This post was produced by Open Media Miami, an independent company that works in partnership with Beached Miami to cover neighborhood news along the Biscayne Corridor.
The words, painted in bright colors, stretch 255 feet across a concrete wall on N.W. Sixth Avenue in Wynwood: “Give a Wall St banker enough rope and he will hang himself.” At the south end of the mural, which faces the I-95 expressway, a suit-and-tie-clad effigy holding a money-stuffed briefcase and wearing a canvas bag over its head dangles from telephone wires, suspended for Miami commuters to see with a noose wrapped around its neck.
Since its installation on October 25, the so-called “hanging banker” has been the focus of local, national, and foreign media. The New Times lauded it as one of the best artworks inspired by the Occupy Wall Street protests. Right-wing blogs such as Human Events took it as disturbing proof of the movement’s animosity toward American capitalism. The Daily Mail asked if the dangling mannequin crossed the line. Fox News called it “sick.”
The street artist behind the spectacle, Above, says he’s ecstatic that his piece created such a stir in the media.
“I like it. I love it. I think it’s great,” says Above. “I wasn’t expecting Fox to cover it like that, but I actually really enjoy that.”
Above says the “hanging banker” is his response to Occupy Wall Street, though he does not claim affiliation with the movement. He painted the mural, a twist on “Give a fool enough rope and he will hang himself,” to voice his opinion about the global financial system, which, like many around the country, he views as corrupt.
“It’s pretty gross, to be honest,” he says. “[T]he world’s gotten so out of control.”
Originally from northern California, Above has painted walls in 50 countries while guarding his anonymity. Reluctant to divulge much of his biography, the artist says he is in his early thirties and grew up on welfare.
“I don’t need a lot of money,” he says. “I live really frugally and I don’t own anything. All I need is my backpack and my computer and I’m good to go.”
Above’s art ranges from social commentary to sentimentality. In Lisbon, he stenciled a mural of a man handing money to a homeless woman who would sit next to the same ATM every day. A mural in a California park depicts a little girl blowing hearts at a boy who is trying to catch them.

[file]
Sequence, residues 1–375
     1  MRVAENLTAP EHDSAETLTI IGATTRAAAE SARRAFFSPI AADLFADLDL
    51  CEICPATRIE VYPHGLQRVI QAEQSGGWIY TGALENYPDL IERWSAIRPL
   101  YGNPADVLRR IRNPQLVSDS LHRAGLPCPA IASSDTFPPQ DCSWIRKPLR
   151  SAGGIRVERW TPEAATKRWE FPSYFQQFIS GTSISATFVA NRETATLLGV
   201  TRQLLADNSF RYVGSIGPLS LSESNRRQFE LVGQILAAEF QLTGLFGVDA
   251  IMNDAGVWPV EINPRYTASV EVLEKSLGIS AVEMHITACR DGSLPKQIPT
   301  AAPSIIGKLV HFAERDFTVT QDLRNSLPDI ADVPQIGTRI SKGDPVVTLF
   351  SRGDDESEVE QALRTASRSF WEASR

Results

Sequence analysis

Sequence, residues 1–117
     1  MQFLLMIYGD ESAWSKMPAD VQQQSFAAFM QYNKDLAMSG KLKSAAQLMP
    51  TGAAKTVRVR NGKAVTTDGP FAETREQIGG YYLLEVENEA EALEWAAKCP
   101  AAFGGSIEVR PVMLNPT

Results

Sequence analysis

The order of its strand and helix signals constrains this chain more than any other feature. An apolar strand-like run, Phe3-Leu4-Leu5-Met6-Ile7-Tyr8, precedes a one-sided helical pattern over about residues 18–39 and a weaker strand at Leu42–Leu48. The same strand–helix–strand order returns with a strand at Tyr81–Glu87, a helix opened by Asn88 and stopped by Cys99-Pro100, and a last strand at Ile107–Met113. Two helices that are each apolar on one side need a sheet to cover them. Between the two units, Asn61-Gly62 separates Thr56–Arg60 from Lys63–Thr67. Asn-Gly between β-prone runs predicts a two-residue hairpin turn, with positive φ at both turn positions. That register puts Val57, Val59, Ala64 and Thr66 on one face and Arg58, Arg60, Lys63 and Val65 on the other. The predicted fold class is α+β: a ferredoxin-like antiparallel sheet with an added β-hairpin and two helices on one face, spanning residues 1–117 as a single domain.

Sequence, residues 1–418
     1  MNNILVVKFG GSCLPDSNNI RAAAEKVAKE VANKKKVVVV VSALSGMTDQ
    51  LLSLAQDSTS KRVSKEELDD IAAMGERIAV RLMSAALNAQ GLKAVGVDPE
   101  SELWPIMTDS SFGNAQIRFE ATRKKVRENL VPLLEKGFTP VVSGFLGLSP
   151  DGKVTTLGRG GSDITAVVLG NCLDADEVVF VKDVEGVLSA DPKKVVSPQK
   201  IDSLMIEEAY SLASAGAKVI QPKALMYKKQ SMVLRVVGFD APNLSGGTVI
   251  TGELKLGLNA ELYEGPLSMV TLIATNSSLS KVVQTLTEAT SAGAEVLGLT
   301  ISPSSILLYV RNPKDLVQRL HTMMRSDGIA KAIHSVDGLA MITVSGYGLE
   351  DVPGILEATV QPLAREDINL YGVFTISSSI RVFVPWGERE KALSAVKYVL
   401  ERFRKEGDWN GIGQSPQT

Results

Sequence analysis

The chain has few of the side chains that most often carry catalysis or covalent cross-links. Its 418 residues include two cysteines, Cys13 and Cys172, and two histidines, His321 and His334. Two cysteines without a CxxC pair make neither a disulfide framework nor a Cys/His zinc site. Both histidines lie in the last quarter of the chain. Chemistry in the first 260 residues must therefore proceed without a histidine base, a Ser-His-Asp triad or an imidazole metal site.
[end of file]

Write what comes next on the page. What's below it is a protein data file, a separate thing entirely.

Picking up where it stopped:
“It’s about connecting with people on an emotional level,” Above says.
His “hanging banker” piece has certainly done that here in Miami. Jeffrey Cohen, a realtor with Esslinger-Wooten-Maxwell, thinks the piece is a testament to Wynwood’s burgeoning arts community and a coup for the Occupy movement.
“You’re in the most dynamic, exciting area of the country right now,” he says. “[Occupy] probably got more traction from that little sign … and the banker in effigy hanging there than if they had gathered two or three hundred people to sit in a square in downtown Miami.”
Roger Valdes, 29, recently took a trip to Wynwood from his home in Hialeah to photograph the piece, which he also interprets in the context of the Occupy movement.
“It needs to be aggressive because, how else would you get the message across?” he says. “It’s pretty dramatic, but it gets your attention.”
On the other hand, Janet McDaniel, a professor at FIU, thinks the “hanging banker” sends a dangerous message.
“It sadly gives a sense of wishing harm on one another,” she says. “Revenge and hatred are emotions like greed, what Occupy is against … [The banker] promotes a cycle of hatred between classes and that isn’t what is needed to foster any type of national advancement.”
For all the hoopla, Above did not come to Miami to create the now-notorious “hanging banker” piece, which is part of the local outdoor art project Primary Flight. After 12 years of art-making and globe-trotting, he is preparing for his first solo exhibition in the United States, a booth at Scope Art Fair during Art Basel in early December. In the meantime, he has been painting indoor and outdoor pieces.
A block away from the “hanging banker,” on N.W. Sixth Avenue and 23rd Street, Above is working on a bigger wall. He wears paint-stained overalls and a straw hat that, along with oversized plastic sunglasses, helps conceal his face. His new piece depicts three women dancing in ‘80s-style gym clothes, each of them superimposed onto another version of themselves to simulate movement.
At one point, he walks over to N.W. Sixth Avenue to check on the work that made him infamous. Someone in a white SUV drives by, slowing down to take pictures of the mannequin. Above says people come to photograph or stare at the banker and the wall every day.
“What it does is I’m rattling, I’m getting inside somebody,” he says. “Whether it’s positive or negative, it’s just getting more people talking about Occupy Wall Street and this whole situation at large.”
Not bad for a side project.
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